Typical fixed charges range from 70-80p per vehicle per day; this can add up
over the course of a contract, but the investments can affect the bottom line
quickly providing the data supplied by systems is acted upon by the business. In
common with most technology applications, the data supplied is ‘inert’ and
related benefits are reliant on the skill and insight of the person carrying out

Those most familiar with the business processes and data structures will be
in the strongest position to make good decisions ­ so it pays to seek a
user-friendly tracking option that will make life easier for e.g. payroll
administrator and health and safety officer as well as your fleet manager. The
data can be used to optimum advantage by setting a range of Key Performance
Indicators (KPIs) that can be reviewed regularly.

The level of service, (including ongoing customer support) is the best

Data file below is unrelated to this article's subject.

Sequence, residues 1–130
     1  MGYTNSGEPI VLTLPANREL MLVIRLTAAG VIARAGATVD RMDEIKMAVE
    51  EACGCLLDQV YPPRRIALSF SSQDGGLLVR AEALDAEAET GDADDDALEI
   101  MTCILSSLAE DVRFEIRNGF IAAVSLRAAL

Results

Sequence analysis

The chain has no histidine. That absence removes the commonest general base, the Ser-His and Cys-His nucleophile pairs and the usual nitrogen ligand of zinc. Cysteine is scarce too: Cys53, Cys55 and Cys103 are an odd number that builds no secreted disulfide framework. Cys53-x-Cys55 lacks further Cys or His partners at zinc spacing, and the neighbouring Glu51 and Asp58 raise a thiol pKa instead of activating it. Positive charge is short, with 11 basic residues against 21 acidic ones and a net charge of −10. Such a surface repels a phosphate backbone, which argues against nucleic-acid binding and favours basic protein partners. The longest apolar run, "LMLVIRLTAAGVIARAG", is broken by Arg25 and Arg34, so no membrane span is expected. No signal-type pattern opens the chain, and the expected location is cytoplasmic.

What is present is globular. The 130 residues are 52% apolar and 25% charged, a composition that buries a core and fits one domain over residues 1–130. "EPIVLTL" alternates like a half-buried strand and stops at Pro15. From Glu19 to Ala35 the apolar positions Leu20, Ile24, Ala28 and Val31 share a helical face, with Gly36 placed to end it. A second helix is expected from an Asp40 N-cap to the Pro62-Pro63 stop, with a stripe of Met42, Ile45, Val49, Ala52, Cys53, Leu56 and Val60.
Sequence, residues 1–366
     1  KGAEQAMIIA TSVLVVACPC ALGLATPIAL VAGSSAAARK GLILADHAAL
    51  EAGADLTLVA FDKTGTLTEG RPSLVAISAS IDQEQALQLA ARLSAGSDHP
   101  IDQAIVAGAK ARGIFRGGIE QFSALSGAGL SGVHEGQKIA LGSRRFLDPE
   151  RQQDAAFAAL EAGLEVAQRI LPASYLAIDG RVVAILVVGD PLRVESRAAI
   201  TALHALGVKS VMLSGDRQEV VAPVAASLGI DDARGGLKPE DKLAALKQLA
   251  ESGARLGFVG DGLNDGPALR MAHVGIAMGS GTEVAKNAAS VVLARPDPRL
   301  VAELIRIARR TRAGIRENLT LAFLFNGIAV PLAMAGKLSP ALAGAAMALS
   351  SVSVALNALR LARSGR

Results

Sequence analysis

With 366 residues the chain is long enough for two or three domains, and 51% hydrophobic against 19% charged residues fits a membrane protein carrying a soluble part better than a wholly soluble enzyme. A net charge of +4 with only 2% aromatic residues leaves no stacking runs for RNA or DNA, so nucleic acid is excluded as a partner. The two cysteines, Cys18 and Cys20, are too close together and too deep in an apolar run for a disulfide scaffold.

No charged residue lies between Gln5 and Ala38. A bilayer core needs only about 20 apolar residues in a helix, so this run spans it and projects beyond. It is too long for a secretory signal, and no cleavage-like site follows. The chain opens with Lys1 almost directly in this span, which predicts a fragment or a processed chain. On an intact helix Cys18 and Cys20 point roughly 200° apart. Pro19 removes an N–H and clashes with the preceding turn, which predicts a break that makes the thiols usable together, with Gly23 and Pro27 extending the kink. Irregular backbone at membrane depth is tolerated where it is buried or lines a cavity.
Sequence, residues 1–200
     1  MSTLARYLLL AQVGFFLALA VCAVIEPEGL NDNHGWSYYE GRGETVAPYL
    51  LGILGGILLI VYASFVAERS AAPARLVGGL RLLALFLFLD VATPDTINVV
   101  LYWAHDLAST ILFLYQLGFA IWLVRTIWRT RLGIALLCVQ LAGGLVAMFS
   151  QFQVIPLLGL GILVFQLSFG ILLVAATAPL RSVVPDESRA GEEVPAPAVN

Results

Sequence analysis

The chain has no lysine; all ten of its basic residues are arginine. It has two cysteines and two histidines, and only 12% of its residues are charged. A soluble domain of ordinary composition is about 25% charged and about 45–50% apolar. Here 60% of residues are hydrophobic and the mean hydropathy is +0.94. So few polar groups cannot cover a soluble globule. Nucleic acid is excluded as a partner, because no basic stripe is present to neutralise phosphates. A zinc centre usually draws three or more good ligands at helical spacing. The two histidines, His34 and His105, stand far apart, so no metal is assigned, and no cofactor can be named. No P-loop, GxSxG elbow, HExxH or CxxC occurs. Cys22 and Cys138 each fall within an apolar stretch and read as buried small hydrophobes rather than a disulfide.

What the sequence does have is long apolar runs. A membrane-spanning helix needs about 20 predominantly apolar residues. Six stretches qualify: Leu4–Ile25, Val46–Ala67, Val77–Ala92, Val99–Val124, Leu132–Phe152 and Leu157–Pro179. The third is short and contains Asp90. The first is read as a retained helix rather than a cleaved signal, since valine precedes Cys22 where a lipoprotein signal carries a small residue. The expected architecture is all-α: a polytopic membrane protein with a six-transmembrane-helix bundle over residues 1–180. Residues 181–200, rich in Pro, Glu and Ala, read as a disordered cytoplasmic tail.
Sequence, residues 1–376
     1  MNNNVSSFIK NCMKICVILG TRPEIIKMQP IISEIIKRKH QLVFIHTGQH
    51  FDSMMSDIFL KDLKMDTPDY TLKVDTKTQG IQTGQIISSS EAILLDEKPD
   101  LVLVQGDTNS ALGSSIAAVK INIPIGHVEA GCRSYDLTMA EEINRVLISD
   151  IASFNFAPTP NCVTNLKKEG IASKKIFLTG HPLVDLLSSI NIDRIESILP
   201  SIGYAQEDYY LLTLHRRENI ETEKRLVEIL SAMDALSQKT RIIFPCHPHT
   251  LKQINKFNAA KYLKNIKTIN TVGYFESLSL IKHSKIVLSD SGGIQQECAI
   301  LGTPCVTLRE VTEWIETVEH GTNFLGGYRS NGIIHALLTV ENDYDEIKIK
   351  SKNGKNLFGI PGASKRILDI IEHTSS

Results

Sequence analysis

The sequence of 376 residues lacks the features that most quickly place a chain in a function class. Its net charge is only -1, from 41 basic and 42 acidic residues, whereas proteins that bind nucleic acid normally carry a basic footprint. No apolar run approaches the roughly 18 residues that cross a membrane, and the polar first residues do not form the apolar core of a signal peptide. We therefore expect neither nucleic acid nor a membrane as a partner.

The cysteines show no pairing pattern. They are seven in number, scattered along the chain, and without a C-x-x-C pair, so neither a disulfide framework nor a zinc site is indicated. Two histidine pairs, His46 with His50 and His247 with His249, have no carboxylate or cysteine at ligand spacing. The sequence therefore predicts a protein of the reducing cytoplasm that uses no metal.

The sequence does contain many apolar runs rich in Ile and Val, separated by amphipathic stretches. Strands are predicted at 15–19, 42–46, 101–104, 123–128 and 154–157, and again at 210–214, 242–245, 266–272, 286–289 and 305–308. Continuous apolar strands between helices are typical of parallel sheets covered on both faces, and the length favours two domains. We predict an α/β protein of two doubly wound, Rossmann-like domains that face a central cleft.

differentiator between the many different products on the market. It’s useful to
run several system trials to assess the best option in terms of
user-friendliness, reliability, level of detail and match to fleet

Telematics can’t be introduced on a whim. Its deployment needs sympathetic
management and it is best introduced at a time coinciding with other events on
the company calendar, such as delivery of new vehicles or the annual salary
review. A consultation period is advisable and it can be helpful to point out
that the tracking system will be used in a ‘housekeeping’ rather than
disciplinary capacity.

Stay on track

? A wall-mounted screen, displaying a live-tracking webpage, can be useful
for service centre staff to view fleet movements at a glance, without having to
access individual PCs

? Use a live-tracking webscreen to help allocate urgent
sales/delivery/service calls to the nearest mobile employee able to attend
within contracted hours – minimising overtime costs.

? Arrange for all staff to have access to the live-tracking webpage as it
provides opportunities for honing departmental processes e.g. sales and

? Use historical tracking data to facilitate more-accurate job costing

? By making best use of vehicles at those elusive hours at either end of the
working day; business capacity can be significantly increased

Andy Kirk is sales & marketing director at